The one thing that is known about the cause of cervical cancer is a virus known as the human papillomavirus (HPV). HPV is spread through sexual contact with someone who has the virus even though not all types of HPV cause cervical cancer. In fact one can be infected with HPV for quite a long time and not even be aware of it because no symptoms are present.
Regular pap smears or cervical exams can detect the presence of HPV even when no symptoms are present.
Other risk factors for cervical cancer are:
- Family or personal history of cervical cancer or other forms of cancer
- Genetic makeup
- Long term use of oral contraceptives – 5 years or more
- Giving birth to 3 or more children
- HIV or other illnesses that weaken your immune system
There are currently 3 methods used for cervical cancer treatments. Depending on the progression of your cancer your doctor may create a treatment plan that uses more than one of the following treatment methods:
Surgery is one option because it can remove the cancer cells partially or completely to prevent the cancer from spreading. In some instances surgery may kill the cancer cells and greatly improve your chances of survival. There are two types of surgery to treat cervical cancer:
- Simple Hysterectomy to remove the uterus is usually recommended for the early stages of cervical cancer. A simple hysterectomy involves removing the cancer, cervix and the uterus.
- Radical Hysterectomy may be needed, which involves removing the cervix, uterus and even part of the vagina and lymph nodes, if the cancer has progressed.
Both of these surgeries can cure the cancer and prevent the cancer from returning however it makes future childbirth impossible.
As you can see from the photo below, hysterectomies can help get rid of the cancer but due to the importance of the cervix it can also affect a womanâ€™s ability to bear children.
Radiation is used to target the cancer cells in the cervix and killing them with high energy x-rays. Your physician may recommend external and internal radiation to give you the best chance of killing all the cancer cells.
Chemotherapy is the third type of cervical cancer treatment and it involves using cancer killing drugs administered by pill or intravenously. Chemotherapy is a combination of drugs that kill cancer cells but have a variety of unpleasant side effects.
Depending on your age and stage of cancer you may also qualify for clinical trials that experiment with different treatment plans for cervical cancer. Talk to your doctors to determine if youâ€™re a candidate for alternative treatments.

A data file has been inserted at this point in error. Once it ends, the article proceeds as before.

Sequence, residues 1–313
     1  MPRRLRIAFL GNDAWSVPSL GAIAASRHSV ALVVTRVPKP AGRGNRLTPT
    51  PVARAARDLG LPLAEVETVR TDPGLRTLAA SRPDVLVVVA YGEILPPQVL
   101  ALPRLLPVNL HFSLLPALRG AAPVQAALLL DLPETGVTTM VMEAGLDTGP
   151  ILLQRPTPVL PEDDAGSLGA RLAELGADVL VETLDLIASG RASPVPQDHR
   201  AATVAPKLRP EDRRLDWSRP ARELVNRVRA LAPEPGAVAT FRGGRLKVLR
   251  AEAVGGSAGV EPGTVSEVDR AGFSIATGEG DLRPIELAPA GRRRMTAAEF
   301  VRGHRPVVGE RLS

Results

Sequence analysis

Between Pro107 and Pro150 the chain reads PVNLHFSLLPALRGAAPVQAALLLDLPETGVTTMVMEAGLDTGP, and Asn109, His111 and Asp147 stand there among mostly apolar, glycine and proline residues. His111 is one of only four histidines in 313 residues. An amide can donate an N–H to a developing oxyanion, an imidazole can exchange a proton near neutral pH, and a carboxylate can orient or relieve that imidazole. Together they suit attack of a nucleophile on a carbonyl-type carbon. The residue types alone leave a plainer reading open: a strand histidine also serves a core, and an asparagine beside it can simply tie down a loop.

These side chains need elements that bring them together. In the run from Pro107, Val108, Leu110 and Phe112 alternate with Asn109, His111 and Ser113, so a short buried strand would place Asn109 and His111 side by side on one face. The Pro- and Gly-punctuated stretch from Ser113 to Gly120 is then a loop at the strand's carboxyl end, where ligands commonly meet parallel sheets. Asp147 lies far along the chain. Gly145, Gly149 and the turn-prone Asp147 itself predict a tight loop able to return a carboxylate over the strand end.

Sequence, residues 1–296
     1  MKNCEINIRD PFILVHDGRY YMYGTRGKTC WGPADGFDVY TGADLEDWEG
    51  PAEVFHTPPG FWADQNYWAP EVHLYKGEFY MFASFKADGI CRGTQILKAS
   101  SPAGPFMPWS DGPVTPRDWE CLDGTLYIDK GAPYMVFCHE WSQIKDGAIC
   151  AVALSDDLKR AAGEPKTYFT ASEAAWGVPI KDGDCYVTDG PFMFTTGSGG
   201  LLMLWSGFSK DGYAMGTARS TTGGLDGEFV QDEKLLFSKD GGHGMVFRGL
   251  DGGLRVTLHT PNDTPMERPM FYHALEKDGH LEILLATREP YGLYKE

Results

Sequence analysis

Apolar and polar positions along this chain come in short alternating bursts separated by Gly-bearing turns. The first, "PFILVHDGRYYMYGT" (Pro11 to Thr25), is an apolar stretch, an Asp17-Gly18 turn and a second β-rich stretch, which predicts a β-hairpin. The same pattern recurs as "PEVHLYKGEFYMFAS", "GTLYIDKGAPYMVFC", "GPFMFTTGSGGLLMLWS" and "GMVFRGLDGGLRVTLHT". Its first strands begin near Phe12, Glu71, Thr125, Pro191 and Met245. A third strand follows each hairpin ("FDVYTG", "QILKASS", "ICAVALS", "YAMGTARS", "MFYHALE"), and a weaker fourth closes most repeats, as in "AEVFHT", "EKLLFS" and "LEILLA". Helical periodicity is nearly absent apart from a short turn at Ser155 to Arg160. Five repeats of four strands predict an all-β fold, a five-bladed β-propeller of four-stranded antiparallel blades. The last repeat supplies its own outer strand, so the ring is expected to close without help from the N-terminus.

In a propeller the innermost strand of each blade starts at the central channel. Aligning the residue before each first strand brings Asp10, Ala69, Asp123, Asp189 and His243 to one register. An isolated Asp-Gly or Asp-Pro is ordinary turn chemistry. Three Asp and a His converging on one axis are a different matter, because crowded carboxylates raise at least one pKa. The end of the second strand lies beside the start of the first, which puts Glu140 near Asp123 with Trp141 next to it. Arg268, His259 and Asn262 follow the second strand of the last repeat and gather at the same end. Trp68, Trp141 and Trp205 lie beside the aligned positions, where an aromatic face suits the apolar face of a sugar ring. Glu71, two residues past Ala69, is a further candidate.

As with most types of cancer an early diagnosis gives you the best prognosis. Regular pap smears provides women with the best prognosis as it provides the best chance to catch the cervical cancer before it progresses. The earlier cervical cancer is caught the best chance you have for survival.
Other factors play a role in cervical cancer prognosis including age, overall health and stage of cancer. The prognosis for cervical cancer by stage are as follows:
- Stage I = 99%
- Stage II = 70-75%
- Stage III = 50%
- Stage IV = 20%
As you can see, early detection and diagnosis provides women with the best chances to survive a cervical cancer treatment.
The surgical treatments for cervical cancer often accompany complications that make surgery a difficult decision for many women. This is particularly true of young women who have yet to start a family since the surgical treatments make it impossible for cervical cancer survivors to bear children. Without key reproductive organs such as the vagina, uterus or cervix, a woman will be unable to get pregnant or give birth to her own children.
Speak with your doctor before coming up with a treatment plan if you are concerned about future fertility, as this problem is best resolved preemptively.
There are things you can do to reduce your risk of cervical cancer. Taking proactive steps such as those below can reduce your risk greatly;
- Regular pap tests yearly or twice a year if you fall within the high risk populations
- Reduce your number of sex partners
- Use condoms during sex to reduce risk of HPV, which reduces incidences of cervical cancer
- Quit smoking or donâ€™t begin smoking
- Get an HPV vaccination (ask your doctor)
While there are many successful treatments for cervical cancer, prevention is always the best. Between HPV vaccinations, regular pap smears and limited sexual partners can help you avoid getting cervical cancer altogether.